Bill Alverson, CEO, Traditional Bank: 

“Uncertainty is the buzzword. Negative interest rates in Europe, weaker output in China, falling commodity prices, and a strengthening dollar conspire to increase economic volatility. Though the domestic economic expansion is growing old, continued improvement in unemployment, housing, wages and consumer spending contribute to an upbeat outlook. The U.S. is one of the few, if not only, safe harbors. Central Kentucky will benefit from continued low interest rates; low commodity prices will fuel the housing market and consumer spending. This bullish outlook is tempered by recent stock market volatility, and lower consumer sentiment would negatively impact spending. Anecdotal evidence from our business community is upbeat for 2016; activity remains much improved over 2015.”

Louis Pritchard, President, Kentucky Bank: 

“As we enter 2016, the global and national economies are facing a great deal of uncertainty. The early decline in the respective equity markets reflects that uncertainty. Economic forecasts for the U.S. economy are predicting a GDP growth of 2 percent or less. The unemployment rate in Kentucky is likely to remain at around 5 percent, and in the markets in which we operate we are anticipating a year much like 2015. Rates will likely remain relatively low and a flat yield curve will continue. Lending will be on a slight uptick but it will be erratic in terms of demand.  Businesses and individual borrowers continue to be cautious. While the coal industry will continue to suffer, healthcare-related businesses and automobile manufacturing in our markets should show growth in 2016.”

Charles P. Denny, Greater Louisville and Tennessee Regional President, PNC Bank: 

“Louisville’s economy will grow more quickly than the nation’s in 2016. The U.S. economy’s continued moderate growth will support our area’s core economic drivers, as many of them respond strongly to national trends. Growth will include manufacturing, transportation, education, healthcare, finance and professional services. Housing recoveries, stronger consumer finances and rising auto sales will underpin solid performances for manufacturers at Appliance Park and for auto producers, parts suppliers, transportation and distribution firms. The drop in gasoline prices will boost consumers’ disposable income and reduce expenses for manufacturers.”

Lloyd C. Hillard Jr., President/CEO, Farmers Capital Bank Corp.: 

“The economic and business environment outlook for 2016 is positive, although individual indicators are mixed and some uncertainty remains. Real GDP growth for Kentucky is forecasted around 1.5 percent, which is below the U.S. projection of 2 percent. Kentucky’s unemployment rate has declined to 5 percent and is around 4 percent in Central Kentucky. Inflation is ticking up, but we do not expect any further interest rate hikes until the second half of 2016. The Central Kentucky market is improving, led by Lexington and Louisville. We are seeing better loan opportunities in commercial real estate and residential mortgages. The wild card is the success or failure of the proposed budget by Gov. Matt Bevin.”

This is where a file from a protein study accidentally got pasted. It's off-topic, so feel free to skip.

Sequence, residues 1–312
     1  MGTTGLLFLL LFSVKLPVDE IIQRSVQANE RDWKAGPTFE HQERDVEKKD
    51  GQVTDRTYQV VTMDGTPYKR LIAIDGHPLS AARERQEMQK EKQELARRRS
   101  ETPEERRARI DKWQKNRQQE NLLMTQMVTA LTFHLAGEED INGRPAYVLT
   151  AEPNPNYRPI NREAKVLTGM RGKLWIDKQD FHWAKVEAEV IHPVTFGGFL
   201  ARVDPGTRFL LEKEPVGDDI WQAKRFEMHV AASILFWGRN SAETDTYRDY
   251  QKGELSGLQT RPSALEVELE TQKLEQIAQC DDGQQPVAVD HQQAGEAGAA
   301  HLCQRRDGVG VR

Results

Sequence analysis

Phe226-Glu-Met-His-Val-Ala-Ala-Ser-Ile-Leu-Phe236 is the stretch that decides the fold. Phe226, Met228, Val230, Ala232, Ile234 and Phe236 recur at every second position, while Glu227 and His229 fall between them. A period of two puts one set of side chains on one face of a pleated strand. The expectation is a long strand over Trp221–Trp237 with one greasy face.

Frank B. Wilson, President/CEO, Wilson & Muir Bank & Trust Co.: 

“Bardstown-based Wilson & Muir Bank & Trust Co., has locations across Central Kentucky. The economies in each of our markets are very strong and the near future looks solid, driven by the success of the bourbon and automotive industries, two of the largest employers. As the Bourbon Capital of the World, Bardstown is the trailhead to the Bourbon Trail, and bourbon tourism’s incredible success has made a huge economic impact on contractors and service providers. A strong regional economy has Bardstown’s historic downtown enjoying a very vibrant retail economy that has few rivals across the state.”

Jean Hale, Chairman, President/CEO, Community Trust Bancorp: 

“The economic indicators for Kentucky overall have improved significantly, however, certain state regions are not experiencing this. The eastern and northeastern regions, continue to experience significant loss of jobs in energy and related fields such as steel production and railroads as well as suppliers. During 2016, we expect conditions for most of the state will remain basically the same as 2015 except for the eastern and northeastern regions, which are subject to continued deterioration. Improvements in unemployment and business have been positive for banking; we have seen increases in loan demand and reductions in problem loans. However, we will continue to experience pressure on our net interest margin as long as the Fed continues to hold interest rates low.”

John Gohmann, Lexington and Central Ky. Regional President, PNC Bank: 

“Lexington’s economy is on track for moderate economic growth in 2016 thanks to a diverse manufacturing base and the anchor provided by healthcare and the University of Kentucky. As the national labor market approaches full employment and income growth continues to pick up, 2016 will likely be an even better year for auto sales. Although the overall outlook is sanguine, cuts to state spending and potential changes to Kentucky’s Medicaid program are downside risks to the outlook.” ν